Ulysses By James Joyce Chapter 16 - Eumaeus

The request being complied with he clawed them up with a scrape.

— Have you seen the rock of Gibraltar? Mr Bloom inquired.

The sailor grimaced, chewing, in a way that might be read as yes, ay or no.

— Ah, you've touched there too, Mr Bloom said, Europa point, thinking he had, in the hope that the rover might possibly by some reminiscences but he failed to do so, simply letting spirt a jet of spew into the sawdust, and shook his head with a sort of lazy scorn.

— What year would that be about? Mr B interrogated. Can you recall the boats?

Our soi-disant sailor munched heavily awhile hungrily before answering:

— I'm tired of all them rocks in the sea, he said, and boats and ships. Salt junk all the time.

Tired seemingly, he ceased. His questioner perceiving that he was not likely to get a great deal of change out of such a wily old customer, fell to woolgathering on the enormous dimensions of the water about the globe, suffice it to say that, as a casual glance at the map revealed, it covered fully three fourths of it and he fully realised accordingly what it meant to rule the waves. On more than one occasion, a dozen at the lowest, near the North Bull at Dollymount he had remarked a superannuated old salt, evidently derelict, seated habitually near the not particularly redolent sea on the wall, staring quite obliviously at it and it at him, dreaming of fresh woods and pastures new as someone somewhere sings. And it left him wondering why. Possibly he had tried to find out the secret for himself, floundering up and down the antipodes and all that sort of thing and over and under, well, not exactly under, tempting the fates. And the odds were twenty to nil there was really no secret about it at all. Nevertheless, without going into the minutiae of the business, the eloquent fact remained that the sea was there in all its glory and in the natural course of things somebody or other had to sail on it and fly in the face of providence though it merely went to show how people usually contrived to load that sort of onus on to the other fellow like the hell idea and the lottery and insurance which were run on identically the same lines so that for that very reason if no other lifeboat Sunday was a highly laudable institution to which the public at large, no matter where living inland or seaside, as the case might be, having it brought home to them like that should extend its gratitude also to the harbourmasters and coastguard service who had to man the rigging and push off and out amid the elements whatever the season when duty called Ireland expects that every man and so on and sometimes had a terrible time of it in the wintertime not forgetting the Irish lights, Kish and others, liable to capsize at any moment, rounding which he once with his daughter had experienced some remarkably choppy, not to say stormy, weather.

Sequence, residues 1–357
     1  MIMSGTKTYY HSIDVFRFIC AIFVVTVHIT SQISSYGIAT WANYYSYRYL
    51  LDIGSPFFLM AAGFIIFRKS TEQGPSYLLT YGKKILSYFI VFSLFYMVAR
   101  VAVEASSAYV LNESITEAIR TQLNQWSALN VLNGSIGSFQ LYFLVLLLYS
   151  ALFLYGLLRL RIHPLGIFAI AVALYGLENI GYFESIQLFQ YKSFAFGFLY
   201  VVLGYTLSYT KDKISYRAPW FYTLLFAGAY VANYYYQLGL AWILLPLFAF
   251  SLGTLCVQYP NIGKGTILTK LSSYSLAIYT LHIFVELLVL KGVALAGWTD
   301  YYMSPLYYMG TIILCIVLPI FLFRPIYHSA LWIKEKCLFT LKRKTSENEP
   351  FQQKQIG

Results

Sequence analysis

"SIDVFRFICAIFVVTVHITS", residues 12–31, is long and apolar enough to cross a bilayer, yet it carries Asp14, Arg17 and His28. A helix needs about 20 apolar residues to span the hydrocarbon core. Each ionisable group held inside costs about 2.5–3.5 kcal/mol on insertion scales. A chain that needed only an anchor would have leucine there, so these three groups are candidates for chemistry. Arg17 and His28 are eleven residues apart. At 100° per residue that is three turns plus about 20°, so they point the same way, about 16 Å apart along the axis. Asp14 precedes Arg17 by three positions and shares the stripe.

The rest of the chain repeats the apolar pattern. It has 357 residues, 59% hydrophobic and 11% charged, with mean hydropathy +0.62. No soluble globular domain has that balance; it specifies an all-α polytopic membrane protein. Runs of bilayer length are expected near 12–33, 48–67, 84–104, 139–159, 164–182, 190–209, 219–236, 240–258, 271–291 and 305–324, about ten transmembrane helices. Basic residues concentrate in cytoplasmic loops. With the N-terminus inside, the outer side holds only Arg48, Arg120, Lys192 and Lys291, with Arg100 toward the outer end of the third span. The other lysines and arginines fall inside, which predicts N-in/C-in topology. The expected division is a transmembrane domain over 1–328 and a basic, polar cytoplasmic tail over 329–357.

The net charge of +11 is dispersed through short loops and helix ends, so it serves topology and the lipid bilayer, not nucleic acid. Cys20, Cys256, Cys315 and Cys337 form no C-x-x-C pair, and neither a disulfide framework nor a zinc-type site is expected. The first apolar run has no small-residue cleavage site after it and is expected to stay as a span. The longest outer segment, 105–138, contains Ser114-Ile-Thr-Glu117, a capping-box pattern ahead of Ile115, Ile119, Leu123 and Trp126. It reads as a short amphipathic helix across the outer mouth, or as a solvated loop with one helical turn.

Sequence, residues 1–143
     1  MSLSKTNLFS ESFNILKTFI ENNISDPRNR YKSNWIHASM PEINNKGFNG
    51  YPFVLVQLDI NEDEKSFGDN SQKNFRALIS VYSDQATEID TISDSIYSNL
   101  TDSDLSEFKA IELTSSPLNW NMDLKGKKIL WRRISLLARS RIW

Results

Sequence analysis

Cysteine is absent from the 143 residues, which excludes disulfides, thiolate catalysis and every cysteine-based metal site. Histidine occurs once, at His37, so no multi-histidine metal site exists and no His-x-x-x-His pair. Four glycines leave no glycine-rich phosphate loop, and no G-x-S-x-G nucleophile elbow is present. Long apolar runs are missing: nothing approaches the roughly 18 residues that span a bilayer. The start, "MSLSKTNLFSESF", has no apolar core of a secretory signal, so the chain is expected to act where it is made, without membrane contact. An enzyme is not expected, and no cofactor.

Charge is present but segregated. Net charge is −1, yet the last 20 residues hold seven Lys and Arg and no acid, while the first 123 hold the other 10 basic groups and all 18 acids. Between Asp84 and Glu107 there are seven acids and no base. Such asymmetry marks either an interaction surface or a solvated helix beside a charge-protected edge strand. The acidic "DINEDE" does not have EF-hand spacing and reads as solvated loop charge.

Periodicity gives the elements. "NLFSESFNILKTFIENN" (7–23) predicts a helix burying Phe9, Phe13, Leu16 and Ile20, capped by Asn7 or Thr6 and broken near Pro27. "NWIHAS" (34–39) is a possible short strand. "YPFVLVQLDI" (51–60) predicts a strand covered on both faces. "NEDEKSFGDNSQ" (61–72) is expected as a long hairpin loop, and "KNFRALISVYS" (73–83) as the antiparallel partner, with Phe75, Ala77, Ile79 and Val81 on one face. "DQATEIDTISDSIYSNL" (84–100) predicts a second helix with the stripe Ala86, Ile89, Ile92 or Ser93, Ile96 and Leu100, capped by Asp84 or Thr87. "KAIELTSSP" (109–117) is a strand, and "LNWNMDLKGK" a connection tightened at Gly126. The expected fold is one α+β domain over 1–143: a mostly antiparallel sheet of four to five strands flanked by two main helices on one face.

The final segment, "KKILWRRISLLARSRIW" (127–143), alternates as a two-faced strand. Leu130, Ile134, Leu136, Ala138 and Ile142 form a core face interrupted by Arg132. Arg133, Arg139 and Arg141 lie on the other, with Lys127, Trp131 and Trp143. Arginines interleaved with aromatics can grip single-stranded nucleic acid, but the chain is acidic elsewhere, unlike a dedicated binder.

— There was a fellow sailed with me in the Rover, the old seadog, himself a rover, proceeded, went ashore and took up a soft job as gentleman's valet at six quid a month. Them are his trousers I've on me and he gave me an oilskin and that jackknife. I'm game for that job, shaving and brushup. I hate roaming about. There's my son now, Danny, run off to sea and his mother got him took in a draper's in Cork where he could be drawing easy money.